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For the Best Beef

More and more high-grade beef is making its way to dinner plates due to genetic testing and statistical analysis, Bloomberg reports. It adds that 82 percent of cattle in the US are USDA prime or choice — the highest grades — whereas five years ago, only 70 percent were.

"It's like Moneyball for cattle," Mark McCully, vice president of production for Certified Angus Beef, tells Bloomberg. "Back in the day, the eye of the stockman was all we had, and now we have high-powered analytical tools and can make progress so much faster."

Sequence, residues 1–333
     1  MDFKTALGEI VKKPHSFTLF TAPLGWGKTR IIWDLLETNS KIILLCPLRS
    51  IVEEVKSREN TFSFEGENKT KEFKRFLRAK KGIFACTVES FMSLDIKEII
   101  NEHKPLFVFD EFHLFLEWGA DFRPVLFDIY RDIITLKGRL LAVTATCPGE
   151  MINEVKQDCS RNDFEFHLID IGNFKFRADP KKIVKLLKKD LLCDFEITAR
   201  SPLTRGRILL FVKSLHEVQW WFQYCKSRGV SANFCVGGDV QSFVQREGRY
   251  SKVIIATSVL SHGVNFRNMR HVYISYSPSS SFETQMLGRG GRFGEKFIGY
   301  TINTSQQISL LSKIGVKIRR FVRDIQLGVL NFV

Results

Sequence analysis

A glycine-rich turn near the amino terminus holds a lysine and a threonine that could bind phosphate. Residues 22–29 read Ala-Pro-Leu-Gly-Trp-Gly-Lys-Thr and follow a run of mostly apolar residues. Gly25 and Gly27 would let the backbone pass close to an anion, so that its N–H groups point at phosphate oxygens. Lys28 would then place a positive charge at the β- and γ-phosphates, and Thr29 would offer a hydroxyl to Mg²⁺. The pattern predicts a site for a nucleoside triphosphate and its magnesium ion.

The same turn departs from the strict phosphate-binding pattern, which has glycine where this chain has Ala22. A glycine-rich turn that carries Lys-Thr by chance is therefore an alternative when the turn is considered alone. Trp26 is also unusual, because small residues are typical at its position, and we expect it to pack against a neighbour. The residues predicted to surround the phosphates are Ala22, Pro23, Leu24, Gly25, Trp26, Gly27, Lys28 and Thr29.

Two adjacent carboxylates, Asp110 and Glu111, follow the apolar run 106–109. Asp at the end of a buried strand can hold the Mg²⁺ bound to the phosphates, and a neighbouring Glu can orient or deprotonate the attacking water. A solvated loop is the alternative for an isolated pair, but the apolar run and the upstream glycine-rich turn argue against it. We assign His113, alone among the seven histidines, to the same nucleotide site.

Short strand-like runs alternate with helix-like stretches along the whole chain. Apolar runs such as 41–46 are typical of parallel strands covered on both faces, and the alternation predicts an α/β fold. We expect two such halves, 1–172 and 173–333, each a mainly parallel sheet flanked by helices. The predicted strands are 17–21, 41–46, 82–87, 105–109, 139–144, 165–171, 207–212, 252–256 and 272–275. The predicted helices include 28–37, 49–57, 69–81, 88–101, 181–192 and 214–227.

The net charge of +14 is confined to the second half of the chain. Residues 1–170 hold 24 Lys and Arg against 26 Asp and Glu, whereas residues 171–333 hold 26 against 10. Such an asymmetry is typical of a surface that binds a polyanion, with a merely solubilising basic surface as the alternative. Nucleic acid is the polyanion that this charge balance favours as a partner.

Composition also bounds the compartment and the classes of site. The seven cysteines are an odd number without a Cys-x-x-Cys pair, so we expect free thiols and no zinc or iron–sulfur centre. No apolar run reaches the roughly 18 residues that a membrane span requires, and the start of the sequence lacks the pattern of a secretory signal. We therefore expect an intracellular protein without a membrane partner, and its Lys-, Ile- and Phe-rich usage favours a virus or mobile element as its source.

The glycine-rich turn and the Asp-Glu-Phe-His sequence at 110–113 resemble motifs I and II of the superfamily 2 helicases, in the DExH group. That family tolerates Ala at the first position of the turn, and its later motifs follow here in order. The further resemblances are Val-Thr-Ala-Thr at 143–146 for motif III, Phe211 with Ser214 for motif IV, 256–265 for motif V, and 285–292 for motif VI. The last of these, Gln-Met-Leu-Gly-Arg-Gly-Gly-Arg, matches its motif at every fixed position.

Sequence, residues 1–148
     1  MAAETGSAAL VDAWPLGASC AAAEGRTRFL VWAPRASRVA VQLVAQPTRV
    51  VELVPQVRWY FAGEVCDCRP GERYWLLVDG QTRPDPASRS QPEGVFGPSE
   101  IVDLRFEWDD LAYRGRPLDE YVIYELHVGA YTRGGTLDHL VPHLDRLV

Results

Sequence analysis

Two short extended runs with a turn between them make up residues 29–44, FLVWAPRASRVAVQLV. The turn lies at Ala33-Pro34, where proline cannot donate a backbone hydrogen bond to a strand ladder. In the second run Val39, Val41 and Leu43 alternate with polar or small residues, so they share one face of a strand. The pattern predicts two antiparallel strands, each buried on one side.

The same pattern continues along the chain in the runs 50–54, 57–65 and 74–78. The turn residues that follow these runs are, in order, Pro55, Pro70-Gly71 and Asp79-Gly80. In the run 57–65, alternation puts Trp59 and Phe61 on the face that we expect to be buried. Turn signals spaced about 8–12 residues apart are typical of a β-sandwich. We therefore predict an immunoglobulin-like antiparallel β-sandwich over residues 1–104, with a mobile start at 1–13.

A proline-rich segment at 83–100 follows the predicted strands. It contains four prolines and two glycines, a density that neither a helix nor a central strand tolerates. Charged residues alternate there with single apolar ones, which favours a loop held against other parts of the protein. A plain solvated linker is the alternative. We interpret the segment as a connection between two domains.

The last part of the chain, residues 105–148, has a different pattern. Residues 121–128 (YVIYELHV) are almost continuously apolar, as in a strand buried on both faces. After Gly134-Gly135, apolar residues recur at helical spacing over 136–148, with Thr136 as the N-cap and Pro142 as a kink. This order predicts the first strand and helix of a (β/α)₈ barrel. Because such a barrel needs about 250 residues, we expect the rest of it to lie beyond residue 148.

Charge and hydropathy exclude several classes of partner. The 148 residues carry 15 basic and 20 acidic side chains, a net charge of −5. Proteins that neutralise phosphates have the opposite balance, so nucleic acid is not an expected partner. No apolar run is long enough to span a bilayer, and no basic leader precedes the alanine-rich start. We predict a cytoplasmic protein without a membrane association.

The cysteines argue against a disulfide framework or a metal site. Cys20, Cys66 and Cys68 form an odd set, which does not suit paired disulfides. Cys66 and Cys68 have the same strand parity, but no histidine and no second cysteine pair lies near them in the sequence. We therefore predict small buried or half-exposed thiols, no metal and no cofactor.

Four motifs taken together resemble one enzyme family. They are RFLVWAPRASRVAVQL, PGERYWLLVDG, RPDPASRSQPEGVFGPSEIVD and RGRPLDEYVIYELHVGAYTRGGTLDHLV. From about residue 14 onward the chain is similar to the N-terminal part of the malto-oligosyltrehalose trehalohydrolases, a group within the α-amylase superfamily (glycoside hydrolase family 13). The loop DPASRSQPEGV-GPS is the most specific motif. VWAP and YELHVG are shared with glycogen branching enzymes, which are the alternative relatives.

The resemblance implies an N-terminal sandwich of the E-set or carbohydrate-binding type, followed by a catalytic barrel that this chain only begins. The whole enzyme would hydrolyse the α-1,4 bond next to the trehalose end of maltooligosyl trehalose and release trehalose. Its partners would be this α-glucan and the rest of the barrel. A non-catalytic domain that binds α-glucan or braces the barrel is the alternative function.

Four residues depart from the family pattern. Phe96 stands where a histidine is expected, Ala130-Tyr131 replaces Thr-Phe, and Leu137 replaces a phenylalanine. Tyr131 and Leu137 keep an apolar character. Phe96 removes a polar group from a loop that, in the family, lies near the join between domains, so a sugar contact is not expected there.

According to Bloomberg, this began in the 1970s and 1980s as the industry began using statistical models to analyze the data it had been collecting to determine the likelihood that a parent would transmit desired traits to offspring. Then, by 2010, the industry began to fold in microarray-based genetic analysis, it says. This in conjunction with ranchers being able to command higher prices for top meat, Bloomberg adds, has lead to more marbled beef on the market and to it being offered not only at steakhouses, but also at grocery stores.